Suffering from Search Fatigue?
Danny Sullivan’s Search Engine Land recently highlighted a recent report issued by Autobytel that measured 1,001 U.S. adults and their interactions with search engines when searching for, specifically, automobiles.
I’ll spare you the details (but do read the article and report), but the results show that “72.3 percent of Americans” experience “search engine fatigue” when researching online, and more than three quarters of those folks “always, usually, or sometimes” get up and leave without ever finding the object of their search.
While that’s a somewhat alarming statistic, the more shocking discovery was that a significant group of these people expressed a desire that search engines be able to “read their minds.”
Number one, trust me on this, you wouldn’t like it. Were I a billionaire the first thing I’d do is conduct a social experiment in which I cold call random people to offer them free money. I bet 72.3 percent of them would tell me to jam the phone someplace both uncomfortable and anatomically improbable.
But aren’t I reading their minds? Who doesn’t want free money? If someone called me right now and said “would you like some free money?” I’d probably, after telling him or her to shove the phone somewhere, be like “hey, are you reading my mind?”
All we need is to have Google develop Google Brain and fill our skulls full of paid eBay ads (“Looking for free money? You can find it and more on eBay!”). Do you even want the word “Yahoo!” in your head at all? Please, fellow citizens, let’s watch what we wish for.
But that’s beside my point. One of the commenters on Search Engine Land mentioned Barry Schwartz’s The Paradox of Choice, which is certainly applicable here (Cliff’s Notes: the more choices you’re given, the harder it is to choose; repeat until subject is rendered cataleptic). Another, however, astutely mentioned that much of this confusion regarding how to search could be resolved if the search engines told you how to search.
Toward that end, I’d like to start things off with a few simple “How-Tos.”
- When searching, you’re not talking to a person. Indeed, you’re not talking at all. Although it has been tried there is not a search engine yet that can accurately answer the question “how do I change the freaking oil filter on this freaking car without freaking covering myself in freaking goop, for freak’s sake?”*Even though that sort of search is kind of cute, in a “the computer is my friend” kind of way, pretend instead that you’re speaking to Tarzan, or that you’re Tarzan speaking to someone else. Bark orders. Take command. “Change oil filter” works pretty much across the board.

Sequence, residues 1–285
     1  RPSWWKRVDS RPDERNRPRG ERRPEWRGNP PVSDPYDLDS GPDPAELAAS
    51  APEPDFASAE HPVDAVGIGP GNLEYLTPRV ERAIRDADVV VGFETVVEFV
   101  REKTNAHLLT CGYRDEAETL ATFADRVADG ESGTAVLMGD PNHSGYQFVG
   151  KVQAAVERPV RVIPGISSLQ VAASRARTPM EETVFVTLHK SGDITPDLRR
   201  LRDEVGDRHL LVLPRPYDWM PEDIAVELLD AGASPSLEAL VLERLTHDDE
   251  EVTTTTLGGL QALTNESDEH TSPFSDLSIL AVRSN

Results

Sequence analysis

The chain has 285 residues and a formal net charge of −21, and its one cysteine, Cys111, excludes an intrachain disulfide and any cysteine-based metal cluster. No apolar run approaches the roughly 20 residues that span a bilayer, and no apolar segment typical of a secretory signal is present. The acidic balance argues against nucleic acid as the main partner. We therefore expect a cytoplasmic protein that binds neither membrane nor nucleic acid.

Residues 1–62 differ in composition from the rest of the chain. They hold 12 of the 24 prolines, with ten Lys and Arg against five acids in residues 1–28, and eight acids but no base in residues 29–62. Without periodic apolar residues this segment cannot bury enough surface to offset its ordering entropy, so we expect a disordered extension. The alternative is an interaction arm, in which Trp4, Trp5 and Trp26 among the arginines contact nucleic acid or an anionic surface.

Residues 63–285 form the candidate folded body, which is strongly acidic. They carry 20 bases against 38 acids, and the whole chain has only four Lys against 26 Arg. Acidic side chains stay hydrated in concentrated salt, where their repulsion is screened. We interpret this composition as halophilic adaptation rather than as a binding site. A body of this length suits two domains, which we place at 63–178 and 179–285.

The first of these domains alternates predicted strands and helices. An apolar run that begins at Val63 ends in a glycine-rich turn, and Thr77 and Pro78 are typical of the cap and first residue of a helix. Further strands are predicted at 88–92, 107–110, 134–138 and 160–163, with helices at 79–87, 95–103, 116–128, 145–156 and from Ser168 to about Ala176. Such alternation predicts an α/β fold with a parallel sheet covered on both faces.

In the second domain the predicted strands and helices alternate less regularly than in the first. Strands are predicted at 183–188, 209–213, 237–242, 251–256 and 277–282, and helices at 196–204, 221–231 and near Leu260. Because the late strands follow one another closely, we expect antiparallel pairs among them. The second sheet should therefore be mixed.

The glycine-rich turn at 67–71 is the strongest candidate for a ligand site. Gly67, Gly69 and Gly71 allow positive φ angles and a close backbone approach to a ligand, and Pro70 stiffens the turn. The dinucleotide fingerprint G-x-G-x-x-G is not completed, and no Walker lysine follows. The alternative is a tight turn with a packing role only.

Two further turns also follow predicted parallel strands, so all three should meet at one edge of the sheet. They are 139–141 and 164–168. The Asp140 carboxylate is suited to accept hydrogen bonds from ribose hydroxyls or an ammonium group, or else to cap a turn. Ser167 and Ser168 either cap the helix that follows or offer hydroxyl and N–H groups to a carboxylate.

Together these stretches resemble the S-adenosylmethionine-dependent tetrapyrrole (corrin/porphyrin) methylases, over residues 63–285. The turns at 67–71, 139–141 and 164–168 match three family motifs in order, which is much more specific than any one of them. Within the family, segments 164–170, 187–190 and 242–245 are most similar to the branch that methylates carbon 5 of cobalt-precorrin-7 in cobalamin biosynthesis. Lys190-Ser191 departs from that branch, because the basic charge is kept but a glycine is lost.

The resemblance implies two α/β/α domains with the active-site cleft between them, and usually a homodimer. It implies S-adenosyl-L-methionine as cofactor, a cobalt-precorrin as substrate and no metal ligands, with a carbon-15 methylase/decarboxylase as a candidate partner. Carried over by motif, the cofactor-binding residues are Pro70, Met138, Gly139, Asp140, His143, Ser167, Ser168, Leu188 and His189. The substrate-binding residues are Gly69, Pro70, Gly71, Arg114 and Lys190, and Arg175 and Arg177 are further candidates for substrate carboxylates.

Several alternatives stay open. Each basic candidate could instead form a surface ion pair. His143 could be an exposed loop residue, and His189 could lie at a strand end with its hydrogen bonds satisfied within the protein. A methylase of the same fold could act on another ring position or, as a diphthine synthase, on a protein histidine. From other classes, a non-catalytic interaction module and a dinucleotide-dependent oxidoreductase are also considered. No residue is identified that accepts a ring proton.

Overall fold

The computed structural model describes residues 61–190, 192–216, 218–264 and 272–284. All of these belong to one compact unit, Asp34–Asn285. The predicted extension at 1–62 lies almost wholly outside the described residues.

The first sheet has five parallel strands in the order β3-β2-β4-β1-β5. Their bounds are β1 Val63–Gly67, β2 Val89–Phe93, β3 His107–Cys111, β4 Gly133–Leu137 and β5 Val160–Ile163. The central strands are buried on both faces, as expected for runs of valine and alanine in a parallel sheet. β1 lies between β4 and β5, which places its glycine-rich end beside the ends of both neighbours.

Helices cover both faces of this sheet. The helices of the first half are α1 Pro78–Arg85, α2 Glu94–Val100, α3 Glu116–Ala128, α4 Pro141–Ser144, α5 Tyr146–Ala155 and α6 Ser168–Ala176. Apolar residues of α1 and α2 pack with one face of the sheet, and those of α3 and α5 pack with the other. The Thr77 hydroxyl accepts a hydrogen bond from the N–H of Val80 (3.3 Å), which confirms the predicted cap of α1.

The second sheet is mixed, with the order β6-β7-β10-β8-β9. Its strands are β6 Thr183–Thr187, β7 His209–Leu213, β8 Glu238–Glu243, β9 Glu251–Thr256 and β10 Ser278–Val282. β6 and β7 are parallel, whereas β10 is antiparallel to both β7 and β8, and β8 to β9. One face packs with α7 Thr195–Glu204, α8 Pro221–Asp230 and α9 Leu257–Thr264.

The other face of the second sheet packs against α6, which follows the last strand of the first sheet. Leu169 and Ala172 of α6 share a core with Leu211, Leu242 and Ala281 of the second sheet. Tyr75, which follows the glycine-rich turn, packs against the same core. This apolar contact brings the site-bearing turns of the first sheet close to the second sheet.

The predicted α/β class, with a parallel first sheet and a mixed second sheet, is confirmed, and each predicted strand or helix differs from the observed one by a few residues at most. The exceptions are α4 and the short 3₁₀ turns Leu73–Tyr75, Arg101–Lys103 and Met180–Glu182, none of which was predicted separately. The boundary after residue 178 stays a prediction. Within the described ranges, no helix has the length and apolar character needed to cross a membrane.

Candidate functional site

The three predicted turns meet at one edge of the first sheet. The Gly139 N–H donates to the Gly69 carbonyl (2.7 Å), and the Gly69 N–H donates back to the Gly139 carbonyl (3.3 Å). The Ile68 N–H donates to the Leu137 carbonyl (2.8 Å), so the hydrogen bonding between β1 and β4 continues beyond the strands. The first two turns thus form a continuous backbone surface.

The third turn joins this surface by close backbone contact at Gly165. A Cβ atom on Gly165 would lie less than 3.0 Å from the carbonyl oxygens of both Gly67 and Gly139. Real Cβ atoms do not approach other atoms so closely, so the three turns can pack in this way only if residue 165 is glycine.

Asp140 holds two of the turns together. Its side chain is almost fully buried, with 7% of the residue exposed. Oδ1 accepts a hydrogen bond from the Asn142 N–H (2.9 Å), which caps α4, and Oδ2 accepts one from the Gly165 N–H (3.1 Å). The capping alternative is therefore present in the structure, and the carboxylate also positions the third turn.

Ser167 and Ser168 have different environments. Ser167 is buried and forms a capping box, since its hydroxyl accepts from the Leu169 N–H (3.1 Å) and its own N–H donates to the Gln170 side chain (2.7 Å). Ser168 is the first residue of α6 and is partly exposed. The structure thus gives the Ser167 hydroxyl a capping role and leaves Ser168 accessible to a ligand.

- That said, don’t go too far down that road: “change filter” doesn’t help you out much, and “filter” on its own isn’t of any use at all.
- Don’t think there’s anything better after, say, the first three pages. There might be, but chances are you’re going to find more of the same, become more and more frustrated, and 3/4 of you will probably get up and walk away.
- If you’re one of the remaining 1/4, you’re venturing Lewis and Clark-like into the morass of the fourth page and beyond, and you’ve been pursuing the object of your search for two hours or more, you’re either severely stricken with OCD or are convinced that you’ll find the mythical diamond in the dirt. You won’t. Why? Because companies that are serious about doing business online have taken steps to make themselves visible, and if they’re not serious about doing business online, why are you trying to do business with them, online?
There, that’s a start. I hope I’ve helped you, compatriots. Practice at home: write down a bunch of things you want to search for, cross out articles, prepositions, and conjunctions (the, a, for, of, and, but, etc.), pour yourself a refreshing beverage, take a deep breath, and thank whoever you worship that your greatest risk is search fatigue, and that you don’t have some damn car salesman biting at your heels.**
*(FYI — for this search, Google comes up with a bunch of blogs, none of which has anything to do with changing oil filters, many of which seemed kinda adult; Yahoo! couldn’t find anything (“Yahoo!”); Live, who took second place, returned a few paid search ads that were pretty dang well on-topic; and Ask, surprisingly true to its moniker, not only brought back paid search ads but organic results that were remarkably close. Huh…)
**To help you completely get into the spirit of this endeavor, I’ve used LyricsFly.com (the song lyric search engine) and have come up with some music selections for your search-training mix tape: artists from Pennywise to Frank Sinatra to Mary J. Blige have all recorded songs called “Searching”, and 22-Pistepirkko has a song called “Searching & Looking”; beware, however, of the Kinks (“Still Searching”), Alas (“Endlessly Searching”), and, above all, the Bad Cash Quartet (“Searching is Killing Me”).